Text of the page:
This book is intended for psychology majors and graduate students who are conducting experiments for the first time and are faced with the task of making sense out of their data. This much needed "how-to-do-it" text illustrates the application of statistical methods to the data from small samples. It also serves as a handbook, with twenty-two tables presented at the end of the text that will allow the student to carry out virtually every computation necessary in analyzing his data. Almost all of the examples and illustrations are drawn from actual experiments so that the student can see how professional scientists examine their data. The book also shows students the kinds of data that are encountered in psychological research, the kinds of questions investigators seek to answer, and how these questions are approached.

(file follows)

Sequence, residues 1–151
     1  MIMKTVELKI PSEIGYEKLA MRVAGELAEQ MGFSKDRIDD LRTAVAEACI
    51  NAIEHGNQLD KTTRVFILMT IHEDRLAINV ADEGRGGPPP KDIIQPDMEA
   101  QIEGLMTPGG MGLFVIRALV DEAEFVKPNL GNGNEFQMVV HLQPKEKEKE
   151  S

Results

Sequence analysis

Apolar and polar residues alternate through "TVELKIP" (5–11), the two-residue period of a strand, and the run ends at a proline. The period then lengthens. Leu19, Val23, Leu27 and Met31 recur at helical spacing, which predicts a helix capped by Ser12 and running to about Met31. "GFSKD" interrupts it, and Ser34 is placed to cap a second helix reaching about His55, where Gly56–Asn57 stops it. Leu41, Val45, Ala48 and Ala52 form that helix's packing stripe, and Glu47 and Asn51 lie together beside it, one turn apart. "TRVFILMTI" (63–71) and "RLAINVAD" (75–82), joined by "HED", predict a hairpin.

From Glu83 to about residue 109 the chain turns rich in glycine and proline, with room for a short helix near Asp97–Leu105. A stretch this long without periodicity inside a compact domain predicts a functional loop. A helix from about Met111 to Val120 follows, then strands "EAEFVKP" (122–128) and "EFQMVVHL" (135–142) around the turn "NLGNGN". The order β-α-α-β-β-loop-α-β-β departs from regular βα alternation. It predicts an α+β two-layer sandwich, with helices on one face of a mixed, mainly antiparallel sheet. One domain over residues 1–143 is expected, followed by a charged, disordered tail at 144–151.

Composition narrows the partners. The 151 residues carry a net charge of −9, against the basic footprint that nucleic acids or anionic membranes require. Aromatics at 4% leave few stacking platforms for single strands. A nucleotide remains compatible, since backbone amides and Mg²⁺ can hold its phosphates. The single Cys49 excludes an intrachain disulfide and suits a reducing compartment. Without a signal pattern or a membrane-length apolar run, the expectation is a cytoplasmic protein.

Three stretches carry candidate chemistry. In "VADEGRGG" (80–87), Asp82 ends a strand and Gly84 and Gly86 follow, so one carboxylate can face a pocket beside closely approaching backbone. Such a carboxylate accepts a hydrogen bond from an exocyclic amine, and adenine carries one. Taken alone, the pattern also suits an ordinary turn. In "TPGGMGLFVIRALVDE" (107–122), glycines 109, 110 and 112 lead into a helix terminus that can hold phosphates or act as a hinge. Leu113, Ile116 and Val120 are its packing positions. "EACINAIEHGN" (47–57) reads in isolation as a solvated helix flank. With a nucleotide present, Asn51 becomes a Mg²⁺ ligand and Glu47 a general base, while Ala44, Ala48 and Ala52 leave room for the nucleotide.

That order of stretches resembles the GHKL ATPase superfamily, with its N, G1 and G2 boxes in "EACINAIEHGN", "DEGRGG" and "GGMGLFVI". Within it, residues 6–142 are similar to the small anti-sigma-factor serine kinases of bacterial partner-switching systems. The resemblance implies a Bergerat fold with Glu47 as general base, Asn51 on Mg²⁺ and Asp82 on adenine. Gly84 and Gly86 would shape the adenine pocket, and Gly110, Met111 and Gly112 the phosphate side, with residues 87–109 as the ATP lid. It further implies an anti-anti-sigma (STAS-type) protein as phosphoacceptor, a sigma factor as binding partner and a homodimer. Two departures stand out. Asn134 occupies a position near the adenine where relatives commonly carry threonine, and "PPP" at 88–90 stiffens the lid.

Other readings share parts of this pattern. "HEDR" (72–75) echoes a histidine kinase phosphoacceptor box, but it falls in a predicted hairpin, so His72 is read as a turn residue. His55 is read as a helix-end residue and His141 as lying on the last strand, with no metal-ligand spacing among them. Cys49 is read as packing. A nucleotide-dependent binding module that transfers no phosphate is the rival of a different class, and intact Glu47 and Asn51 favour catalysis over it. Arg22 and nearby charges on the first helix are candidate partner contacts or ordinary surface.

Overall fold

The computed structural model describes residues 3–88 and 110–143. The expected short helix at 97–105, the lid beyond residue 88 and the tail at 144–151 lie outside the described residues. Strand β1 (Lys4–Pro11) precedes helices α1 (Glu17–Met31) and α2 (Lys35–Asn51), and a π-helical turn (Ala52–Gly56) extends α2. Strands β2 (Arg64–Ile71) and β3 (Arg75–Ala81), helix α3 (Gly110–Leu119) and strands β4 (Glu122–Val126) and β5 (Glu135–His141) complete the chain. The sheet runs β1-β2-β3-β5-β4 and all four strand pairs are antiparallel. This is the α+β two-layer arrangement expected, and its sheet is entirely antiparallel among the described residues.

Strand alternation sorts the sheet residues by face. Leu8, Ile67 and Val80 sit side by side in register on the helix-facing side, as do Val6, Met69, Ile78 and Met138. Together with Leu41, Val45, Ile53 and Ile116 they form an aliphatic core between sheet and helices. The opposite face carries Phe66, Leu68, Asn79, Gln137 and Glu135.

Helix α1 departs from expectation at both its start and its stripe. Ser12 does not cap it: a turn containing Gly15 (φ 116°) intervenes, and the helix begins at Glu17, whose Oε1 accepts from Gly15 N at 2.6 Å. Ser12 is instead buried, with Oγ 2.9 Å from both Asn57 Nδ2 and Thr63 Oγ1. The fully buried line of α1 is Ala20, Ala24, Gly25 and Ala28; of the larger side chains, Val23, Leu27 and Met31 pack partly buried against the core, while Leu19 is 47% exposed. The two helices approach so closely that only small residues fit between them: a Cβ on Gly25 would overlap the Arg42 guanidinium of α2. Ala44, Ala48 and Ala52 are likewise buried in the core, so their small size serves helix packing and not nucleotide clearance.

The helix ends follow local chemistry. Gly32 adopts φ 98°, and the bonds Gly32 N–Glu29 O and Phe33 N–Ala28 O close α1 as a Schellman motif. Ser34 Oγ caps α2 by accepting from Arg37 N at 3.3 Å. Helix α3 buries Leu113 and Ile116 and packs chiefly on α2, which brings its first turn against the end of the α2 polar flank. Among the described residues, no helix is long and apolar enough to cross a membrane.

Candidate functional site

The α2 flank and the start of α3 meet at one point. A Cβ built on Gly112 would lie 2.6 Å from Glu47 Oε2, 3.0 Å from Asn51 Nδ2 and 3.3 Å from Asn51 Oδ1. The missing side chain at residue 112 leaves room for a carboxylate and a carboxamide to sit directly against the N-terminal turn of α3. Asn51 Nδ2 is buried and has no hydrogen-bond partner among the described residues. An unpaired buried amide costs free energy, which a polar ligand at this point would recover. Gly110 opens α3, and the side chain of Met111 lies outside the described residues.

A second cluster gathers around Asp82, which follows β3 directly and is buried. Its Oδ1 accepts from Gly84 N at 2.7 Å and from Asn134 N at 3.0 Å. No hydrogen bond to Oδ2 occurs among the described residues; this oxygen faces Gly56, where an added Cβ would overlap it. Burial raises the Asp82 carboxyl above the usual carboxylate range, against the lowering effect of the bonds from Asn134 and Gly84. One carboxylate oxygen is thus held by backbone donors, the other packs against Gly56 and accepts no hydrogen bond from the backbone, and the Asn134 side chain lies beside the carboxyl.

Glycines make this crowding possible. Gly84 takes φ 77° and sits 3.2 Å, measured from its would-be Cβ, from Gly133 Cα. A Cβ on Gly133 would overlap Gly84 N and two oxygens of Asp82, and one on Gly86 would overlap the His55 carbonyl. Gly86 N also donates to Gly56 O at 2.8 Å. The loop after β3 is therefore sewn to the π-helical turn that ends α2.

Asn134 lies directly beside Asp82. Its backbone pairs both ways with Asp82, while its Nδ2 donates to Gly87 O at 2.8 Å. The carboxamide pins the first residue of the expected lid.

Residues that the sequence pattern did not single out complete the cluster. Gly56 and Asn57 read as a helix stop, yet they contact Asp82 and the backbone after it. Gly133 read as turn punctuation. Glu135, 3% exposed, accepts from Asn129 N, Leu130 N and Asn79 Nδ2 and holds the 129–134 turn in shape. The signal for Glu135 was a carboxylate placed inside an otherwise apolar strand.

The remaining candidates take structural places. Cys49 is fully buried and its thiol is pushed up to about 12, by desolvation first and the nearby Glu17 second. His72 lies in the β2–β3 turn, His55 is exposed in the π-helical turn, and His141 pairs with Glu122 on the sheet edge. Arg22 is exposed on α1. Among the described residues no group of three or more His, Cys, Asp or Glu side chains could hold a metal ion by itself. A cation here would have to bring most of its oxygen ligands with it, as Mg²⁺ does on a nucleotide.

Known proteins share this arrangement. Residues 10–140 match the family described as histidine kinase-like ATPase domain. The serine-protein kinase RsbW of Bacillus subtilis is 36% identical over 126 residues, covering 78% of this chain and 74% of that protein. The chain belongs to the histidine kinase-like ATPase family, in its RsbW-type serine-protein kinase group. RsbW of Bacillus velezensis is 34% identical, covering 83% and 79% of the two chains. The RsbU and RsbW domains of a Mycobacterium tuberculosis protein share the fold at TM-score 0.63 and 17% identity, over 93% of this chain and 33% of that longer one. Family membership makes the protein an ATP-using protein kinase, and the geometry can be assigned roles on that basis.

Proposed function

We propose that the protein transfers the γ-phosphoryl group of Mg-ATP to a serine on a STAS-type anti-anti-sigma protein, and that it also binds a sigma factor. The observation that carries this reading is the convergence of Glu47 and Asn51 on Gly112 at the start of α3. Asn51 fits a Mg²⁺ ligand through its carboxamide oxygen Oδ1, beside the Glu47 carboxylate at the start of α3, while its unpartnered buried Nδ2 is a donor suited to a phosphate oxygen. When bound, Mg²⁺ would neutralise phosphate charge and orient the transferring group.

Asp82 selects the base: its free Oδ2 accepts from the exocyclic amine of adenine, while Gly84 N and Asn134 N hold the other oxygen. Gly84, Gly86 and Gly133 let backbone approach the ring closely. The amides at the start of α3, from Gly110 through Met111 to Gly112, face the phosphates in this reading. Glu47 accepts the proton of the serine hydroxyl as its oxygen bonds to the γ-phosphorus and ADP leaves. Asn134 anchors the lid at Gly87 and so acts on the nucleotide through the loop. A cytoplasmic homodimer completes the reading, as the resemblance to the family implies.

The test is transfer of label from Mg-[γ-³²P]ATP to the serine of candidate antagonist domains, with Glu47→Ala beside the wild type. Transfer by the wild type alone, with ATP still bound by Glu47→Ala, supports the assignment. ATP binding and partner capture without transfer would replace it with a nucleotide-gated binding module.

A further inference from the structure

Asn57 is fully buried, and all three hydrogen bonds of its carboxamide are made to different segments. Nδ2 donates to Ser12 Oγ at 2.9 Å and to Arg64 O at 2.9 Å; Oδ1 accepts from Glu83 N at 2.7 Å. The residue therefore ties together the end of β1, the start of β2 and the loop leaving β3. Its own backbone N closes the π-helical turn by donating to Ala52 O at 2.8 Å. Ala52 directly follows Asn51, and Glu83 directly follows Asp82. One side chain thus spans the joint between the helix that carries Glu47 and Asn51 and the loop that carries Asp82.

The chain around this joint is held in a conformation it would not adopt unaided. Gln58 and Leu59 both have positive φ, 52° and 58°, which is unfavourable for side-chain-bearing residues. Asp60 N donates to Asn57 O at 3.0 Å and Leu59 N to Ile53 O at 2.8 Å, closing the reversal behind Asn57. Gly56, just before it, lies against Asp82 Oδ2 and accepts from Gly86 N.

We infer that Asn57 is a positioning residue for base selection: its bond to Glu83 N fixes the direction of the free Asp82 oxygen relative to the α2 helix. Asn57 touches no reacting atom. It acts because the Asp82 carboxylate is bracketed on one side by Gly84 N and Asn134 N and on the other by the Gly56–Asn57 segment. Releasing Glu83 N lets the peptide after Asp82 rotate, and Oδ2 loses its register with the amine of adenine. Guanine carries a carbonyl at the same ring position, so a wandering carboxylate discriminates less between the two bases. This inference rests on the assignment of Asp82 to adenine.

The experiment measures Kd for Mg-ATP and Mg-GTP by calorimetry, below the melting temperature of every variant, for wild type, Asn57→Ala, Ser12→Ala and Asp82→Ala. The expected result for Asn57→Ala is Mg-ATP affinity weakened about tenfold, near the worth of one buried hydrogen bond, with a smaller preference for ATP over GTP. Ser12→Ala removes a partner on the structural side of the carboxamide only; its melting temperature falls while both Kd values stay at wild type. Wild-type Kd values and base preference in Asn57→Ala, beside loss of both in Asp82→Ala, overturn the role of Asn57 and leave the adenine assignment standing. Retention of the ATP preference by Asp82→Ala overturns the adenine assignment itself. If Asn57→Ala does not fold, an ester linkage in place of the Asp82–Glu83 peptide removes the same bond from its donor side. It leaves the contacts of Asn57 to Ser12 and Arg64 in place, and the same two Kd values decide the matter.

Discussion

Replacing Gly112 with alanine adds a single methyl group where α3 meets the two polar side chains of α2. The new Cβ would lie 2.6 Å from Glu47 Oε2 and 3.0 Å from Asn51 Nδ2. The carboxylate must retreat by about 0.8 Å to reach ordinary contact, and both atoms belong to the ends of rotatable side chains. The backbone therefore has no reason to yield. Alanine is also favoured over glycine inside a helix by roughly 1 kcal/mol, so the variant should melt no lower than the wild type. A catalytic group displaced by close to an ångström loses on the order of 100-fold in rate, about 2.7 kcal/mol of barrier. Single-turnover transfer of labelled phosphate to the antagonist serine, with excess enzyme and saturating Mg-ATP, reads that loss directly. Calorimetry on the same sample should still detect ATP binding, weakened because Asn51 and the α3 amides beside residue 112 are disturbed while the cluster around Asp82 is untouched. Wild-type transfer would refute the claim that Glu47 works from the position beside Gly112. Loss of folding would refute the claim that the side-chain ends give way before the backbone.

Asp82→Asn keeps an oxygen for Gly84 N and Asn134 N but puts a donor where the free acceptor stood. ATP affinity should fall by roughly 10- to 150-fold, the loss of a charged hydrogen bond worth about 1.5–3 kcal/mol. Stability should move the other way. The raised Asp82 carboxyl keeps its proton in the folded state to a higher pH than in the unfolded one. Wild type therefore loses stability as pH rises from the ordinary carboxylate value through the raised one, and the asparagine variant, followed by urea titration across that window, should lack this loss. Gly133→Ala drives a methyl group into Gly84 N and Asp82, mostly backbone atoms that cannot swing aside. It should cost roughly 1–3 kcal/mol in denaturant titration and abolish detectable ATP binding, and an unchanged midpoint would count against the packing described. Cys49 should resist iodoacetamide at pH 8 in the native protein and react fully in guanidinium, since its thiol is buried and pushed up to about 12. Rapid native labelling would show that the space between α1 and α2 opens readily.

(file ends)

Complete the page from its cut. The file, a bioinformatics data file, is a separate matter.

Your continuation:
The author asserts that statistics is not an abstract discipline but a tool in research. However, the book also imparts a philosophy of data analysis and its meaning, a concern for questions of the function of data analysis and the interpretations that legitimately can be drawn from data. In brief, Data Analysis asks: What kinds of data are met in psychological research? What can we do with these data? What can we conclude as a result of this doing?
The book will be invaluable for students who, even though they may have taken a previous statistics course, are still unsure of what statistical techniques should be used in interpreting their data.